So far, electric vehicles haven’t been accepted in the United States, with fewer than 1.5 percent of new-vehicle buyers choosing them over internal combustion engines.
That surely will change as more manufacturers offer vehicles with longer range and fast-charging networks keep growing. Ford Motor Co., General Motors Co., Volkswagen AG, Tesla Inc. and others are placing big bets on the technology.
Next week in Los Angeles, Ford will show off an electric SUV that is inspired by the Mustang performance car. It’s the company’s first consumer-friendly fully electric vehicle, and it’s expected to have a range of over 300 miles per charge. Last year, Ford promised six more battery electric vehicles by 2022. An electric version of the F-150 pickup, the top-selling vehicle in the U.S., is in the works.
Ted Cannis, Ford’s global electric vehicle chief, spoke recently with The Associated Press about why the automaker is dedicating so many resources to electric vehicles. His comments are edited for brevity.
Q: Why is Ford spending so much to develop electric vehicles when they are such a small part of the new-vehicle market in the U.S. and globally?
A: The growth is coming, and it’s the right time now. The key is the whole powertrain, not just the batteries, are going to come down in cost. It’s not cheap now, but it’s not prohibitive. So now there’s no engine anymore, and the batteries that fit underneath can get range. The new Mustang-inspired product is going to get 300 miles of range. You have just liberated new space and now you have performance capabilities. The cells can handle the performance and the car has enough range, so you can give things to the customer they never had before. Most of the first electric vehicles were (regulatory) compliance vehicles, so very expensive. The technology wasn’t ready. But now as the technology is there you can fill in more segments of the industry. We’ve said we’re going to come up with an F-150 battery electric vehicle. That’s a big part of the business. There are other products that we’ve said that we’ve got to come out with. So you’re starting to fill out all those segments in the industry that didn’t have it. There’s also infrastructure, even though you look around and you go ‘where are the chargers?'” They’re not like gas stations, not Shell or something. You can’t see them, but they’re there.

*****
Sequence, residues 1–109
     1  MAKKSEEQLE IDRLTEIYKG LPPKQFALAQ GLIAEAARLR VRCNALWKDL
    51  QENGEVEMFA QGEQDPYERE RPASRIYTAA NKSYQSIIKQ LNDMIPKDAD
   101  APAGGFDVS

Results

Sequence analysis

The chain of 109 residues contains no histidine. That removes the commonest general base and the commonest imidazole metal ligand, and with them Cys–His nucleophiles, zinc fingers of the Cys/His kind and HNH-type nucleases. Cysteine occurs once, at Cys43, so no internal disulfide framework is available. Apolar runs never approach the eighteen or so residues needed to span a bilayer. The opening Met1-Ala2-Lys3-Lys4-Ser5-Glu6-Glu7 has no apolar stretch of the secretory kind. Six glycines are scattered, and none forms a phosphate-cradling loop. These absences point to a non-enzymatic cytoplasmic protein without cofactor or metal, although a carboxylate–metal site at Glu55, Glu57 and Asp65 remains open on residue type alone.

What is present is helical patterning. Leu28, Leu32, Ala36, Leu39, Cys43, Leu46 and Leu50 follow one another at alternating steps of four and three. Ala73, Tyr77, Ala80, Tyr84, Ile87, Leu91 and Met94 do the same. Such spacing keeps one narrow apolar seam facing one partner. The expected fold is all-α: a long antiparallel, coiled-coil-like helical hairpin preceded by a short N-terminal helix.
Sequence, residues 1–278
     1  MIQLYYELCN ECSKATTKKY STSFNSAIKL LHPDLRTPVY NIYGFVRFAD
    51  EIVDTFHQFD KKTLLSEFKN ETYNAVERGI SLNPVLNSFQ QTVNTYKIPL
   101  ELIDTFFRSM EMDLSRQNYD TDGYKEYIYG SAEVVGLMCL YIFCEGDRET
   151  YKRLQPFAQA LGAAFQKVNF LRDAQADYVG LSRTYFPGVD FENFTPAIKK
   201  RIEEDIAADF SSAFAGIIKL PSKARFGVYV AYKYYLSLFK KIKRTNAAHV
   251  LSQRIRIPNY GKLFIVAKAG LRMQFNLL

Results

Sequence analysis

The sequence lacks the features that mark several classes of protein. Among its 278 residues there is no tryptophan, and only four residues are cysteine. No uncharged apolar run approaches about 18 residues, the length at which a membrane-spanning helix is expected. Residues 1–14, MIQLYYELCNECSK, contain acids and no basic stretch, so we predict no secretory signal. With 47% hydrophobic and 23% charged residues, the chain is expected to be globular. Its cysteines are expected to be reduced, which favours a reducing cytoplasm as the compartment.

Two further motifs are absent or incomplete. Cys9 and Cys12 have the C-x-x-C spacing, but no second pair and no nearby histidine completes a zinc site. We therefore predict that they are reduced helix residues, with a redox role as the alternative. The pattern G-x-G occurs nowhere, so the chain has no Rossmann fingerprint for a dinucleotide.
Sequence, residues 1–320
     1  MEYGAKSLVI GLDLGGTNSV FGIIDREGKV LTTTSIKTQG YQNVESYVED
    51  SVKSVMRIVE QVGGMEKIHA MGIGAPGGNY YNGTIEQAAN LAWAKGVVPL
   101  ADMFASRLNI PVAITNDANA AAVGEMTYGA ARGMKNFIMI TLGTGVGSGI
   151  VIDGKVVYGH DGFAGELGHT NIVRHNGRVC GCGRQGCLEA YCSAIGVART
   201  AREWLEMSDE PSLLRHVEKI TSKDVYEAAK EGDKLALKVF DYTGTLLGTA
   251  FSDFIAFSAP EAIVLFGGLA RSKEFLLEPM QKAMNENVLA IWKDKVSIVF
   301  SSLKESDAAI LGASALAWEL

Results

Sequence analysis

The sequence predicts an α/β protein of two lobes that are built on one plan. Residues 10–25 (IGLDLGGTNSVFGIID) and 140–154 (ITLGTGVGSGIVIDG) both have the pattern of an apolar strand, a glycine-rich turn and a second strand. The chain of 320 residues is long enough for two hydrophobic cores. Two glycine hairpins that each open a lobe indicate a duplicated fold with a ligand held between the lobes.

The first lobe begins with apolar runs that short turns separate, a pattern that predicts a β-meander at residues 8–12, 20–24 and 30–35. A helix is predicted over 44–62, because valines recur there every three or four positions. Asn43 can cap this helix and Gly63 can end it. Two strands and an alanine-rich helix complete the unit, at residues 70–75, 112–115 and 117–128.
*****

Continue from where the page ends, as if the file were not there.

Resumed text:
Q: Is 300 miles of range per charge a magic number?
A: Certainly in the United States I think it’s going to be a magic number. It’s not that people need it — most people don’t. But I might need to. And I want to be in situations where I’m covered. So it’s not for every day, and in our case we want to offer people long trips. You want to go on a road trip. I want the flexibility to go away.
Q: Do you see a tipping point where at some point the cost of battery electric vehicles drops to parity with the internal combustion engine?
A: Definitely the gap is closing, and it’s closing pretty dramatically. But it’s still expensive. We said let’s just play to our strengths. Where are our strongest customers? Commercial vans. F-150 pickups. Performance vehicles. We know them. We do very well. The margins are better. Let’s lean into the stuff that already works. I think it’s coming already now.
Q: Ford is one of the four companies that sided with California over the federal government in the greenhouse gas and fuel economy standards debate. But weren’t you already headed that way if you’re going to have such a large number of battery electric vehicles?
A: We believe the climate map. We’ve done a lot of internal deep dive studies with scientists to try to figure out. That’s a real thing. We think there’s real capability to offer in the new products. It will be demand driven, not regulatory driven. But it still requires a lot of pace of change. One thing is regulation. The other thing is the customer. They don’t know all these great benefits yet